Councillors voted last Thursday to defer their debate on the S68 certificate until a further report was received from council staff.
The report will address a series of specific questions on the adequacy of Woolworths’ application for an on-site sewage system.
Protestors have been pinning their hopes on an S68 certificate refusal as one of the final ways to stop Woolworths, following the State Planning Minister’s approval of the development in January.
Construction of the supermarket cannot begin until the S68 is issued.
Woolworths opponent campaigner Deborah Lilly said that the deferral would delay the building of the Woolworths supermarket, hopefully for a long time.
“The questions that have to be answered (in the report) are very strategic and we think it’s impossible for them to answer in a way that will allow Woolworths to build the on-site sewage and meet the regulations,” Ms Lilly said.
Ms Lilly said the Station Street site was boggy and waterlogged for most of the year and totally unsuited for the on-site disposal of effluent of any kind.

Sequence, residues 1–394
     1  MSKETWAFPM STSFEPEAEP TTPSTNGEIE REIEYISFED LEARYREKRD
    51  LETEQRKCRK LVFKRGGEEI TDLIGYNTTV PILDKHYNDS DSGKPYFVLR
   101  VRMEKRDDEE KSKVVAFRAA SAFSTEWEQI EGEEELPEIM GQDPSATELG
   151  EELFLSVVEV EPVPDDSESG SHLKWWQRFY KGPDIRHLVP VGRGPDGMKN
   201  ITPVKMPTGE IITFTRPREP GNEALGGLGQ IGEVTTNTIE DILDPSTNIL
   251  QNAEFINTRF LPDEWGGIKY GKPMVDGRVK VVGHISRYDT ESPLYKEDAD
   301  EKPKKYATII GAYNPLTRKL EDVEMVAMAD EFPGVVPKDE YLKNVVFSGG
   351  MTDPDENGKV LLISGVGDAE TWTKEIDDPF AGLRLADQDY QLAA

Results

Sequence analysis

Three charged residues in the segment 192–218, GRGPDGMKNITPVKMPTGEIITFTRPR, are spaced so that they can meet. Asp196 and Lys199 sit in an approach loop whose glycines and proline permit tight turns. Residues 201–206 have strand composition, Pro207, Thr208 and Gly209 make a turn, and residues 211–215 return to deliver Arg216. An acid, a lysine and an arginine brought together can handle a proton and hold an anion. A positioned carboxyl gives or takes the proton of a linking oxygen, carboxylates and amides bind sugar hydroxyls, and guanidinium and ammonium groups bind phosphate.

It would require much of the effluent to be trucked off the site for a large part of the year, which would be a contradiction of Byron Council’s ‘no pump-out’ policy, she said.
A spokesperson for Woolworths said the company still believed its on-site sewage system was feasible.
He said that council’s latest decision was a temporary setback.
“We are pushing ahead and feeling confident,” he said.
“We understand there are a lot of hurdles we have to go through, but it’s still our priority to bring all the good things that Woolworths offers to the town of Mullumbimby.”
The spokesperson did not rule out the possibility of a Land and Environment Court appeal if the council was to refuse the S68.
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